I was always advised as a rule of thumb to have 25 participants per condition. So if I had 3 conditions, I was advised to recruit ~75 people. Reasons why: hopes of reaching significance; was not as restricted in terms of what stats I could conduct; can afford to disregard outliers. (Just as an fyi, I use SPSS and sometimes AMOS)

    Do you have several conditions? Or do you have no grouping and are going to conduct a 'split' of some sort (something which is doable in quant research, but generally frowned upon tbh, unless really justified).


    Sorry for all the qs, I just need a little bit more info before advising as I'd wouldn't want to steer you wrong.

    The questions are no bother, it is a new area to me and I am sure I am leaving out important stuff! :P

    Inferential Analysis
    After looking it up, yes I will be.

    If I get 20 people to take part, by looking at their answers the results will show whether method A, B or C is the most preferred. There are four additional questions in each section where attributes of what participants are hearing will be tested to see what they think about that, which can help shed light on the justification of why a method is better then another, if that happens of course.

    Grouping

    All twelve sections are a paired comparison with five questions. The first being preference, the rest being specific attributes. All questions are the same for each section.

    There are twelve sections because three methods are getting judged together twice for each song and there are two songs. ((3+3)+(3+3))

    So, A1 is the section 1 of the first piece. 2A1 is section 2 of the first piece. Perhaps this is a confusing way to name it, but it has worked so far in Excel.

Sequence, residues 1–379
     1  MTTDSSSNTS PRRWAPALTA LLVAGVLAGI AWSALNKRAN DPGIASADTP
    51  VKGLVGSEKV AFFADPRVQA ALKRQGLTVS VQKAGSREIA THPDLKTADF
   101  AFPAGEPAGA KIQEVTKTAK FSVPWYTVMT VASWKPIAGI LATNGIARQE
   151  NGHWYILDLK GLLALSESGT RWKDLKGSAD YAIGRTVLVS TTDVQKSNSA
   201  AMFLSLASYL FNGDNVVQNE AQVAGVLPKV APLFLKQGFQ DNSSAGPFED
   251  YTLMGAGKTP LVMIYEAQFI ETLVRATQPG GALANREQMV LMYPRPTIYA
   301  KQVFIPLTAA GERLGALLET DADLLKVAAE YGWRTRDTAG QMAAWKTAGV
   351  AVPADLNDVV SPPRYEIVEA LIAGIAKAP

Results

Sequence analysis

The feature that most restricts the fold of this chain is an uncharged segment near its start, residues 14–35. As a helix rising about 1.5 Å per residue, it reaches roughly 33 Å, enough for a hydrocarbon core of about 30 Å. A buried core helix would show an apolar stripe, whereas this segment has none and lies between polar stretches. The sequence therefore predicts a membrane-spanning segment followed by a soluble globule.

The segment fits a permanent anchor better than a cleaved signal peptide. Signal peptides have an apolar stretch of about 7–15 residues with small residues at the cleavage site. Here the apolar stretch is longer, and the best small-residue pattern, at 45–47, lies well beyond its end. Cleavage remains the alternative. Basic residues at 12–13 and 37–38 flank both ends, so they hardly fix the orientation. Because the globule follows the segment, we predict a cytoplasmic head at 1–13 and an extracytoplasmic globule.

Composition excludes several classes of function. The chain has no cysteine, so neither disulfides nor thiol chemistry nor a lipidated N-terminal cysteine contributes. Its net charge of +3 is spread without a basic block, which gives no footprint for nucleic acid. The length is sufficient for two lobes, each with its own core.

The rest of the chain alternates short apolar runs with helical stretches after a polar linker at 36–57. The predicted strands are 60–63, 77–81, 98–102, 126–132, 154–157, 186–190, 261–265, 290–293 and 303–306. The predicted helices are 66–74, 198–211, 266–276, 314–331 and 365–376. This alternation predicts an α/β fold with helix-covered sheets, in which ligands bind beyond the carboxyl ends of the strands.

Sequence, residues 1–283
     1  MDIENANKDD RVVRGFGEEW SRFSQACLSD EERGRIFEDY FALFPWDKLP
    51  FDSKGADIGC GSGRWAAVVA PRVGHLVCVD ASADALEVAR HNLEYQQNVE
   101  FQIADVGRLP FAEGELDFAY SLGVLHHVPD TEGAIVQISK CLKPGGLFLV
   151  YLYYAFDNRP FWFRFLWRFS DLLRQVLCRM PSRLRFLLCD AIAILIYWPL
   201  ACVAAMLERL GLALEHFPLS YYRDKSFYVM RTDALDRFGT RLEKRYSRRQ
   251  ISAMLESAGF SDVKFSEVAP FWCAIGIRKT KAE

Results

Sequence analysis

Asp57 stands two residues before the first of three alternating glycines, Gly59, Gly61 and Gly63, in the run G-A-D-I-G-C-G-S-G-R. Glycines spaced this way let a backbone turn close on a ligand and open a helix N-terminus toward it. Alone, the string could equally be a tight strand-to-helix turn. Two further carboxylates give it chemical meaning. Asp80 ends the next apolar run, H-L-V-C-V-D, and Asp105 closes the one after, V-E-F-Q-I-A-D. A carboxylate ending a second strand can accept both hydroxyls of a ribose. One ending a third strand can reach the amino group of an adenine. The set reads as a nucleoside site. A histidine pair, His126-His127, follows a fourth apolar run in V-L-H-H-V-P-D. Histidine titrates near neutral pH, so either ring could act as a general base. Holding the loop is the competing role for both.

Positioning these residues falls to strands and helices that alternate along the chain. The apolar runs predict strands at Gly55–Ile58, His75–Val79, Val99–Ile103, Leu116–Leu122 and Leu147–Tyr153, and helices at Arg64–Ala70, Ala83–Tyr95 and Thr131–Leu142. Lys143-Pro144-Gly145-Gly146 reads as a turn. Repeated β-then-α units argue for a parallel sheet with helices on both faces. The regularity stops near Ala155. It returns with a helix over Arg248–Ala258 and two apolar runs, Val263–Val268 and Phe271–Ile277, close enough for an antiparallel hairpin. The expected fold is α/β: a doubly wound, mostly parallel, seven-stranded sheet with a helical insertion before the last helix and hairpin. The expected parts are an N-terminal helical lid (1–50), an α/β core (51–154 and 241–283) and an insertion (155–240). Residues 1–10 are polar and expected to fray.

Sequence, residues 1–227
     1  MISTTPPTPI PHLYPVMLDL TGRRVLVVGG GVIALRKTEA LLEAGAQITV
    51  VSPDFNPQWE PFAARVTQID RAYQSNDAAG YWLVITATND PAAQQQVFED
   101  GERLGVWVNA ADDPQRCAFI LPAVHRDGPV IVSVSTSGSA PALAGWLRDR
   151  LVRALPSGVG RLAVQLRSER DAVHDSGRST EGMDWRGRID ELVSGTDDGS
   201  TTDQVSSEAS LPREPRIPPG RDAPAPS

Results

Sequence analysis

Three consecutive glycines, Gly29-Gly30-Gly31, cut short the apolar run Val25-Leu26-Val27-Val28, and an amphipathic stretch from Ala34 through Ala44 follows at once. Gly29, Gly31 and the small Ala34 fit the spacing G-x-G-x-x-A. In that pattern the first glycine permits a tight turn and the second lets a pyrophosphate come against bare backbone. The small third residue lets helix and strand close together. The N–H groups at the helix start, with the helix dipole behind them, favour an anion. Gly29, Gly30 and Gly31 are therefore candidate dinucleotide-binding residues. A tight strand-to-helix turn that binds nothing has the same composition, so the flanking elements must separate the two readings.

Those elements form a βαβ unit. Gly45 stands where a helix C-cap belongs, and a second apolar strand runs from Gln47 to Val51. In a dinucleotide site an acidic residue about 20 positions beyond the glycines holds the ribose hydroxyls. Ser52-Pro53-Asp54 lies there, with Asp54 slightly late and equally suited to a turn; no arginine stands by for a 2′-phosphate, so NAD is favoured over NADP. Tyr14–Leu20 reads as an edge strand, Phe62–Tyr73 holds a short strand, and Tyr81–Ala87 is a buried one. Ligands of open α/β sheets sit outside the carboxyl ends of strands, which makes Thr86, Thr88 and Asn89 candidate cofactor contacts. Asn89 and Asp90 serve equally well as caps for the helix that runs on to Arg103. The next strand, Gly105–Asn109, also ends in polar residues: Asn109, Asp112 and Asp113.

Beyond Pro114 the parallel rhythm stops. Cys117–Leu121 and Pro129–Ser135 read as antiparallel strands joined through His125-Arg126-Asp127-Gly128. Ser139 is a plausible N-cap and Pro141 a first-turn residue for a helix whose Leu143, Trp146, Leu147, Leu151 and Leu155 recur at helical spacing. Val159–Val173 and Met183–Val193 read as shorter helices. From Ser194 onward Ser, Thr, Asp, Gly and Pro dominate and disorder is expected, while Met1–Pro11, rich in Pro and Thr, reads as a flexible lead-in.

A1 v B1, A1 v C1, B1 v C1
    2A1 v 2B1, 2A1 v 2C1, 2B1 v 2C1

    A2 v B2, A2 v C2, B2 v C2
    2A2 v 2B2, 2A2 v 2C2, 2B2 v 2C2


    Thanks!


  • Registered Users Posts: 3,835 ✭✭✭ bbk


    Black Swan wrote: »
    Given that I do not have all the necessary details regarding your research questions and design (caution):

    An n=20 is a very small sample size, and as a rule-of-thumb, minimal for running nonparametric analysis. I don't have the citations here in this javahouse, but we typically use a minimum of n=30 for parametric analysis (dependent upon the design, which may or may not require a larger sample size). Of course, if you were pilot testing an instrument, Isaac and Michaels suggests that you may use as small as n=10, but not for the main study where a larger sample would be needed.

    It should be noted that small sample sizes tend to increase the likelihood of accepting the null hypothesis; i.e., insignificance.

    For the purposes of the MSc and its time frame and judging from other tests from the Audio Engineering Society journal, it looks like a sample of 20 is what people aim for.

    I have been advised to go for 20. For each question, I have 18 answers from 9 participants as each question is asked more than once so I am wondering if there is a disaster and I can only ever get 9 participants, can the fact that I have a 18 answers actually mean that I can take some significant from it?

    Really, it is a small "what if" question which I am sure I can get an answer to eventually when my lecturer pops up again.

    From what you said about the increase in null hypothesis likelihood, maybe that is why that each question was advised to be asked twice. A way of knowing if a participants results would be to see how they answered the same question the second time.

    Thanks for the help, I do appreciate that I could be leaving things out however I am wary of writing an essay of unrelated information.


  • Registered Users Posts: 3,835 ✭✭✭ bbk


    I had a meeting with a stats guy at the Uni and said that the Thurstone Law of Comparative Judgment is what I should use.

    Doing some research now to see how I can implement it in a less mind melting way then a lot of the papers are showing it.